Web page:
Alexander Vanwynsberghe

"There is nothing impossible to him who will try"

How to boost your event with Yammer

Last week, we (Ensoné) presented at the Yammer Ignite Prague re-delivery organized by Microsoft Belgium. The reason I’m writing this blog post is because we actually managed to use Yammer to boost our event. (Funny: “An event about Yammer, on Yammer”) We succeeded in our mission! With 20 participants, we had more than 100 conversations, 250 replies and  200 likes in just one day!

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How to use Project Server Online data in a SharePoint 2013 App using CSOM

This week I was attending the 3 day Project Ignite training. This is a technical training offered directly from Microsoft and was presented by Christophe Fiessinger and Jan Kalis at Warsaw (but I followed the training on Lync, which was really cool using the 360-video). I learned lots of new and interesting things about Project Server 2013 and Project Online. Thanks Christophe and Jan!

Of Course, that’s not the topic of this blog post. During the last day of the training, we got some information about the extensibility options for Project Server 2013. One of the topics was about CSOM, which is an abbreviation for Client-Side Object Model, and also about JSOM, which stands for Javascript Object Model. Let me use the slide from Project Ignite explaining what it is all about:

As you can see, an interesting topic to do some deep diving and (as Christophe told us to) doing our homework. I’ll guide you through the process of creating:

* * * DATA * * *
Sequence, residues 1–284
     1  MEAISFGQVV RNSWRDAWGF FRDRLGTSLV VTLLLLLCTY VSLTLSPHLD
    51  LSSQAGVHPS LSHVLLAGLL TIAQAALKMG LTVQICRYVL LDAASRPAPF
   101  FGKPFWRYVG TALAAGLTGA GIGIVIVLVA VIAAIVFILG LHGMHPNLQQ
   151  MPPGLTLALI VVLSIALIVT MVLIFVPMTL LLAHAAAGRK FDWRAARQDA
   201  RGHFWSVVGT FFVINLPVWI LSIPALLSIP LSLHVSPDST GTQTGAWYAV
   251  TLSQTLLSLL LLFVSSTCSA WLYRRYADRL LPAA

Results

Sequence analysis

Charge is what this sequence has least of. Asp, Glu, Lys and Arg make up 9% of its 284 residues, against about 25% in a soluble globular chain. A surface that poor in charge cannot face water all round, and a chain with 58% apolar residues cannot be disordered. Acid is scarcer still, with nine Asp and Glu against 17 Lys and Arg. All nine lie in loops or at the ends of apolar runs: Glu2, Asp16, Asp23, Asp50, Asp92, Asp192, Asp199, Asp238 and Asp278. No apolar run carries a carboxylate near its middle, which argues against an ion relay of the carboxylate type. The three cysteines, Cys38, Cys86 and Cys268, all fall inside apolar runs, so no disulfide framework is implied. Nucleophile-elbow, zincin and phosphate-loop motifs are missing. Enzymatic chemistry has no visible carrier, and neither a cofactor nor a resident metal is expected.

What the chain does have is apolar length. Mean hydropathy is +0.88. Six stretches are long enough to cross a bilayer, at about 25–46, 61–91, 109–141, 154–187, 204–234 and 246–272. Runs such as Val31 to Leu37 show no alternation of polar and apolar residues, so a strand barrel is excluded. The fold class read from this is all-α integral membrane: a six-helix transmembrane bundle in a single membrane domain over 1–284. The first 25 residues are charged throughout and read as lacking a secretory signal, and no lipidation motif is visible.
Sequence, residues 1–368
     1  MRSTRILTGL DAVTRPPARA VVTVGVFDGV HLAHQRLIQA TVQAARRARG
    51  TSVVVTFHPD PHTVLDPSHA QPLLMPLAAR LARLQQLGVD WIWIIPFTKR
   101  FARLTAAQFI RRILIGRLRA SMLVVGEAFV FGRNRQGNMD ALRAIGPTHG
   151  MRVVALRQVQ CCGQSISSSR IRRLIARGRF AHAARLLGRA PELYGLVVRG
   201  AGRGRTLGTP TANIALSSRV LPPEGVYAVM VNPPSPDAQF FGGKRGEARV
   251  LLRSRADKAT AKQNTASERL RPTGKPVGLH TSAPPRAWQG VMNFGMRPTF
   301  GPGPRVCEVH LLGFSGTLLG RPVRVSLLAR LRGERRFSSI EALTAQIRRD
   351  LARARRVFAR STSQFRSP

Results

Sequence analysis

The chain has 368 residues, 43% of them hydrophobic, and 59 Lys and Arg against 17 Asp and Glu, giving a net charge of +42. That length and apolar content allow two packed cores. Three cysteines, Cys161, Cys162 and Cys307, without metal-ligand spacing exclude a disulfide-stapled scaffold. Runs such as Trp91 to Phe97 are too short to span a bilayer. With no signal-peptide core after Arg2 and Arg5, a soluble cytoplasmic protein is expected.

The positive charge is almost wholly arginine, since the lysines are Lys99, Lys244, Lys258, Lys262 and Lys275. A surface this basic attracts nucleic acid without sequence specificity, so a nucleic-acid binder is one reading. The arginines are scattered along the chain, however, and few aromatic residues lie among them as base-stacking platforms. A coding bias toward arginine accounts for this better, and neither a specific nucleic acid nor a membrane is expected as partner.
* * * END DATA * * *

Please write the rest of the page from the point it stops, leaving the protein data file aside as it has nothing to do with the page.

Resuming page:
1. A console application, connecting to my local Project Server 2013 lab machine and create a project.
  2. A SharePoint Autohosted app (based on my previous blogpost: Windows Azure auto-provisioned apps for SharePoint 2013), connecting my Project Online PWA instance using OAuth 2.0 and retrieving a list of projects.

1. Local Console Application

To start, I will create a small piece of code to create a project on my local Project Server 2013 lab machine. So no SharePoint app, no authentication, just creating a project using CSOM. To start, open your Visual Studio 2012 and create a new Console Application. The first thing you have to do with this empty console project is referencing 3 DLL’s. If you’re developing on a machine with Project Server 2013 installed, you can add a reference directly, otherwise you need to copy the 3 DLL’s to your development machine (create an ‘Assemblies’ folder in your project) and reference them this way. The 3 DLL’s you need can be found in the folder “%ProgramFiles%\Common Files\Microsoft Shared\Web Server Extensions\15\ISAPI\ “. Copy those items: